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A changing climate is eroding the geographical range of the Namib Desert tree Aloe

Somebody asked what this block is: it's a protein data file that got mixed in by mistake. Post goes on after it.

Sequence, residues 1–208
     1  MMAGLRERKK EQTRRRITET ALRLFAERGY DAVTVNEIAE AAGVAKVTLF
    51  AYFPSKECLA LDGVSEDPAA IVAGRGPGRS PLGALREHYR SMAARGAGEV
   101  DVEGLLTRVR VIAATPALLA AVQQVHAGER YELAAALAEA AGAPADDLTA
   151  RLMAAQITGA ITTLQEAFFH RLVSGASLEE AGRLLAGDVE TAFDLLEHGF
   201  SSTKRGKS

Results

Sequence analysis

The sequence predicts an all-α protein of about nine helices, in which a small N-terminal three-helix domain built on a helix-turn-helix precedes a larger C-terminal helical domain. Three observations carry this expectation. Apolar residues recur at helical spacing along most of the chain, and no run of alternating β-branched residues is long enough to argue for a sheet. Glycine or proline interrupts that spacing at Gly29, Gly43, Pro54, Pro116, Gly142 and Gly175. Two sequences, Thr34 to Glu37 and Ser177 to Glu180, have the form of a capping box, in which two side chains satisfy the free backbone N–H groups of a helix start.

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© 2007 South African National Biodiversity Institute DOI: 10.1111/j.1472-4642.2007.00391.xJournal compilation © 2007 Blackwell Publishing Ltd www.blackwellpublishing.com/ddi 645 Diversity and Distributions, (Diversity Distrib.) (2007) 13 , 645–653 BIODIVERSITYRESEARCH ABSTRACT While poleward species migration in response to recent climatic warming is widelydocumented, few studies have examined entire range responses of broadly distributedsessile organisms, including changes on both the trailing (equatorward) and theleading (poleward) range edges. From a detailed population census throughoutthe entire geographical range of Aloe dichotoma Masson, a long-lived Namib Deserttree, together with data from repeat photographs, we present strong evidence that adeveloping range shift in this species is a ‘fingerprint’ of anthropogenic climatechange. This is explained at a high level of statistical significance by populationlevel impacts of observed regional warming and resulting water balance constraints.Generalized linear models suggest that greater mortalities and population declinesin equatorward populations are virtually certainly the result, due to anthropo-genic climate change, of the progressive exceedance of critical climate thresholdsthat are relatively closer to the species’ tolerance limits in equatorward sites.Equatorward population declines are also broadly consistent with bioclimaticallymodelled projections under anticipated anthropogenic climate change but, as yet,there is no evidence of poleward range expansion into the area predicted tobecome suitable in future, despite good evidence for positive populationgrowth trends in poleward populations. This study is among the first to show amarked lag between trailing edge population extinction and leading edge rangeexpansion in a species experiencing anthropogenic climate change impacts, apattern likely to apply to most sessile and poorly dispersed organisms. This providessupport for conservative assumptions of species’ migration rates when modellingclimate change impacts for such species. Aloe dichotoma ’s response to climatechange suggests that desert ecosystems may be more sensitive to climate changethan previously suspected. Keywords Bioclimatic modelling, desertification, extinction, global warming fingerprints, migration, range shift. INTRODUCTION Studies of the responses of terrestrial organisms to twentiethcentury warming have focused on range shifts of motileorganisms (e.g. Hersteinsson & Macdonald, 1992; Parmesan et al ., 1999; Warren et al ., 2001; Parmesan & Yohe, 2003),stressing poleward range boundary extensions (Parmesan et al .,1999). The studies of sessile organisms (Keeling et al ., 1996;Menzel & Fabian, 1999; Abu-Asab et al ., 2001; Fitter & Fitter,2002) have focused on non-lethal changes in the growthpatterns. Both types of studies have focused most frequently ononly a portion of a species’ range.There is concern that the adaptive responses of sessileorganisms to rapid climate change may be constrained, thuscausing population extinctions at the so-called ‘trailing edge’ ofspecies’ geographical ranges that are shifting in response to a 1 Global Change and Biodiversity Program, 2 Protea Atlas Project, South African National Biodiversity Institute, Private Bag X7, Claremont 7735, South Africa; 3 Threatened Species Programme, South African National Biodiversity Institute, Private Bag X101, Pretoria 0001, South Africa; 4 Percy FitzPatrick Institute of African Ornithology, 5 Department of Botany, 6 Leslie Hill Institute of Plant Conservation, University of Cape Town, Private Bag X3, Rondebosch 7701, South Africa; 7 Avian Demography Unit, Department of Statistical Sciences, University of Cape Town, South Africa, Private Bag X3, Rondebosch, 7701, South Africa; 8 Center for Applied Biodiversity Science, Conservation International, 1919 M St NW, Suite 600, Washington DC 20036, USA, 9 Environment Systems, ADAS, Woodthorne, Wergs Road, Wolverhampton WV6 8TQ, UK, 10 Laboratoire d’Ecologie Alpine, UMR CNRS 5553, Université J Fourier, Grenoble Cedex 9, France *Correspondence: Wendy Foden, Threatened Species Programme, South African National Biodiversity Institute, Private Bag X101, Pretoria 0001, South Africa. E-mail: [email protected] Blackwell Publishing Ltd A changing climate is eroding the geographical range of the Namib Desert tree Aloe through population declines and dispersal lags Wendy Foden 1,3,4 *, Guy F. Midgley 1,8 , Greg Hughes 9 , William J. Bond 5 , Wilfried Thuiller 1,10 , M. Timm Hoffman 6 , Prince Kaleme 4 , Les G. Underhill 7 , Anthony Rebelo 2 and Lee Hannah 8W. Foden et al. © 2007 South African National Biodiversity Institute 646 Diversity and Distributions , 13 , 645–653, Journal compilation © 2007 Blackwell Publishing Ltd changing climate (Davis & Shaw, 2001). Such trailing edgeextinctions should be first detected in terrestrial organisms thatoccupy extreme climatic environments such as deserts, whereclimate-related stresses exert direct control over populationprocesses, especially at range margins (Jordan & Nobel, 1979).It is implicitly assumed by bioclimatic modelling approaches thattrailing edge extinctions will be accompanied by simultaneousleading edge range expansions (Parmesan et al ., 1999), but lagsin population expansions due to limiting rates of dispersal andestablishment (Pitelka, 1997) undermined this assumption,especially for sessile species. Such lags have been observed, forexample, in the difference in responsiveness of alpine plant rangeresponses relative to mobile organisms such as butterflies(Walther et al ., 2002), and predicted for temperate zoneAmerican trees (Iverson et al ., 2004). Such constraints are likelyto squeeze the ranges of non-motile organisms between a zone ofactive population die-back and of constrained expansion,thereby raising their risk of extinction, at least temporarily, evenif climate change trends begin to stabilize.Here we investigate impacts of regional climate change onpopulation die-back in the long-lived, giant Namib Desert tree( Aloe dichotoma Masson), prompted by casual observations ofwidespread mortalities apparently induced by drought (i.e.water balance constraints). We test whether this pattern ofpopulation level mortality is in fact consistent with water balancechanges, and furthermore, whether a spatial pattern consistentwith the expected signal of anthropogenic climate change exists(i.e.